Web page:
The two age categories that students predominantly fall into had the lowest voter participation rates in the country during the last federal election: 18-25 year-olds were at 38.8.1%, while the 25-35 year-olds rate of participation was 45.1% (according to Elections Canada).
To me, that means that the concerns, issues, and vision of the future that people my age have are not represented at the federal stage, and indeed, when I look at a number of the policies, goals, and record of the country, I don't see what I value there, whether it has to do with addressing the gender wage gap, coming up with a comprehensive strategy to address climate change mitigation and preparing to adapt to the climate changes that the current emissions scenario has us committed to (In 2013, Canada won the "Lifetime Unachievement Fossil Award" for it's incredibly uncooperative, and unhelpful, and deliberately counter-productive role in international climate change negotiations, which is so disgraceful), decriminalizing marijuana, addressing the high cost of pharmaceuticals in Canada, developing a national clean-tech and renewable energy strategy, having a National Science Adviser and more... there are so many issues that I care about that I don't see being worked on or addressed!
|A golden poppy (Eschscholzia californica) in my neighbourhood. Lovely splash of colour!|
"Canada inherited its first-past-the-post electoral system from Great Britain over 200 years ago, at a time when significant sections of the Canadian population, including women, Aboriginal people, and non-property owners, were disenfranchised. Throughout the first half of the 19th century and for 50 years after Confederation, the strengths of our electoral system were evident: it fostered competition between two major parties and provided the successful party with a strong, albeit artificial, legislative majority. Territory, embodied in the direct link between the Member of Parliament and his (for they were all men) constituents, was the most important aspect of a citizen's political identity and the pre-eminent feature of prevailing notions of representation.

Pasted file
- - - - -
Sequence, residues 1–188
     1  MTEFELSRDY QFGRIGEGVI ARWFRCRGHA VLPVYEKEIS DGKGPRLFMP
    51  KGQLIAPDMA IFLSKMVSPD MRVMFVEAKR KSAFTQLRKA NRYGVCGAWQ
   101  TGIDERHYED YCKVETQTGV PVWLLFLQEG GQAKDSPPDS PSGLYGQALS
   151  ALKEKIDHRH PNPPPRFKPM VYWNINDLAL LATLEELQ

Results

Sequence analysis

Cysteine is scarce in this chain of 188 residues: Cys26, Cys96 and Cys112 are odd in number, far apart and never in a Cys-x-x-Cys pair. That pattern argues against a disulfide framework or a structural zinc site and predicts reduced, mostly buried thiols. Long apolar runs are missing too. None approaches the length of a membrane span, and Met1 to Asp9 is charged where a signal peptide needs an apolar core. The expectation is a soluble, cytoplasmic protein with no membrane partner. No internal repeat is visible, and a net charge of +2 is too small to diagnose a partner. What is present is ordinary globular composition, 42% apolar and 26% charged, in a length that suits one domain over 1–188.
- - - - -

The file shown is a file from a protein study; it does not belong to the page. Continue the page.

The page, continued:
We need a new system.
So after writing that article (I'll keep you posted on what happens with it...) here's something else I've just seen that I'm really excited about (and with any luck, I'll be able to still include it in the article):
A group of students at UVic are targeting specifically students and younger voters with this campaign: one student to find a voting buddy, and share it on Twitter with @votingbuddy, or submit your photo to Tumblr with #votingbuddy. Tag three other people, and grow the voting buddy movement. This is so wonderful! Voting should be fun, should be done with a sense of community, and it helps when others are involved. Love it!!
|A screenshot from their website - so great! (http://votingbuddies.|
PS. Elections Canada is still the best resource to go to for your voting information. See them here. And then, since they aren't able to promote the vote themselves, due to the legislation in the Conservative Fair Elections Act, please help them share their info by Tweeting it, if you Tweet!